The Rhode Island Saltwater Anglers Foundation has awarded $12,000 to David Taylor, Ph.D., professor of marine biology at Roger Williams University, to study mercury contamination in scup taken from Rhode Island waters. Mercury is a widespread and toxic environmental contaminant that adversely affects human health. Exposure occurs mainly through the consumption of contaminated fish.
The purpose of the study is to examine mercury contamination in scup (porgies), which supports an important recreational fishery in Rhode Island waters.
The objectives are:
- Analyze mercury concentrations in scup as a function of body size in order to assess bioaccumulation patterns.
- Evaluate scup mercury levels relative to the threshold values established by the U.S. FDA and Environmental Proection Agency and compare these results to health risks associated with consuming other finfish.
- Work collaboratively with the RIDOH to develop meaningful consumption advisories for Rhode Island residents, including recreational anglers.
Acquiring such data will support public health risk assessments and risk management decisions related to the issuance of fish consumption advisories.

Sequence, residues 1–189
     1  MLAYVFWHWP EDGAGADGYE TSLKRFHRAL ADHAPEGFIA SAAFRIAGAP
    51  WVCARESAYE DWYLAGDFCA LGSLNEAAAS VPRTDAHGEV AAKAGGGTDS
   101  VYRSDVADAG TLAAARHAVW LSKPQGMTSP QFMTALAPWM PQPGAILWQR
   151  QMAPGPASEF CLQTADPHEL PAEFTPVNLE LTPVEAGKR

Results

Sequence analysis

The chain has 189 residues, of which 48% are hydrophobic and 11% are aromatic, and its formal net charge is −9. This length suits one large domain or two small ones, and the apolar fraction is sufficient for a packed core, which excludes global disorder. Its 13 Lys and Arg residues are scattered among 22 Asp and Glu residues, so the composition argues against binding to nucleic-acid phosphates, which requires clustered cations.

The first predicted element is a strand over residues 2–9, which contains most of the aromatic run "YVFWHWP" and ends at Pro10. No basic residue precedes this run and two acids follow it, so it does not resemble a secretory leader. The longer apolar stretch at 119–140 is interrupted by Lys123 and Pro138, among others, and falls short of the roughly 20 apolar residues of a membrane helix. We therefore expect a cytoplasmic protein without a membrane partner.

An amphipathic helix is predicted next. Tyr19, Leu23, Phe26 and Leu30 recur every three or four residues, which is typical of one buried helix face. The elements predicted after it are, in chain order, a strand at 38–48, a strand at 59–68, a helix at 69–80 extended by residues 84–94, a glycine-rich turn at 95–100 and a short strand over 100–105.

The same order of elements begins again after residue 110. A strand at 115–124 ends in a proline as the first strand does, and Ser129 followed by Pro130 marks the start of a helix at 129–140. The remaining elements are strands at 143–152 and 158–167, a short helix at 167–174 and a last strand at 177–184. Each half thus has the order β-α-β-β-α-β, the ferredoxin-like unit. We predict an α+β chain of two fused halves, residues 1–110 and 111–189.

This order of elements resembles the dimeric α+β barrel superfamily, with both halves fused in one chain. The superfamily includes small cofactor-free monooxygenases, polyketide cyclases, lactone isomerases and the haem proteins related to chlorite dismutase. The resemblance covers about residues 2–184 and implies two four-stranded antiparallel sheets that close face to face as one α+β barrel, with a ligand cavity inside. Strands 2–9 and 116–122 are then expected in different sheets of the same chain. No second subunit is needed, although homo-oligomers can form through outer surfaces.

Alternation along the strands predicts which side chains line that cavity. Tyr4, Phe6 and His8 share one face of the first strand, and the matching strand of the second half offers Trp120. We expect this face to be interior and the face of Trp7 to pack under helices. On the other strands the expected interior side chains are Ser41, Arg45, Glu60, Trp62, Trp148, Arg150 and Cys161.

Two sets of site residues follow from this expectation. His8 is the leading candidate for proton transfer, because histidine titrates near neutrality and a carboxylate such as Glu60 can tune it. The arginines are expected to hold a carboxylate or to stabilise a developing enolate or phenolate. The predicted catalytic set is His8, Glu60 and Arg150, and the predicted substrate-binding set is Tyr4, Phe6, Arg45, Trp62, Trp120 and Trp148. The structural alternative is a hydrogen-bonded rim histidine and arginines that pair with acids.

Scup supports a lucrative recreational fishery in Rhode Island, with a 2011 landing equal to 326,302 kg, which represents 23% of the total recreational catch in the state. Moreover, Dr. Taylor recently disseminated a food frequency questionaire to Rhode Island recreational anglers to obtain more accurate estimates of fish eating habits of the state’s residents. Of the 183 responses received, 25.8% of the individuals reported eating scup in the summer of 2012. Scup may therefore represent an important source of mercury for fish-consuming individuals, given the prominence of this species as a dietary resource in Rhode Island.
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